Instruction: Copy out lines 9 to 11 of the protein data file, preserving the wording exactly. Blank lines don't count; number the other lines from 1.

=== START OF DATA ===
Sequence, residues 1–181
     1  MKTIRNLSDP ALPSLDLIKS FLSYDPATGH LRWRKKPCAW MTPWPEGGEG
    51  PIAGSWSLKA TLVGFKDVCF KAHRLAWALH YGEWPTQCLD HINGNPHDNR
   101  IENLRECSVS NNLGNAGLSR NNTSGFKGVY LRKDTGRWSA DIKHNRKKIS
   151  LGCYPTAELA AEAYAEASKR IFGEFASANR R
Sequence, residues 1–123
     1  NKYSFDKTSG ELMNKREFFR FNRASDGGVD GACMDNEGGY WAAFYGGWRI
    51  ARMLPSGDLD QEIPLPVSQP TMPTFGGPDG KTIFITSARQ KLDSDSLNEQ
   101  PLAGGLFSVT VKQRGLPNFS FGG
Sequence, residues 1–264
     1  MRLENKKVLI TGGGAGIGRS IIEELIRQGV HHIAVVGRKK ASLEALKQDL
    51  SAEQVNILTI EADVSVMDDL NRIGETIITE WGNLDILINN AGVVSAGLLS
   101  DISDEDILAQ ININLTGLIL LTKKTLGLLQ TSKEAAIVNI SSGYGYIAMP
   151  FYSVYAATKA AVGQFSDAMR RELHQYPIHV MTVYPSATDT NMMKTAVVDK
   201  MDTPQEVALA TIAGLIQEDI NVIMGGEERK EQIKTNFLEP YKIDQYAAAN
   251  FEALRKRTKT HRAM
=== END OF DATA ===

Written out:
   101  PLAGGLFSVT VKQRGLPNFS FGG
Sequence, residues 1–264
     1  MRLENKKVLI TGGGAGIGRS IIEELIRQGV HHIAVVGRKK ASLEALKQDL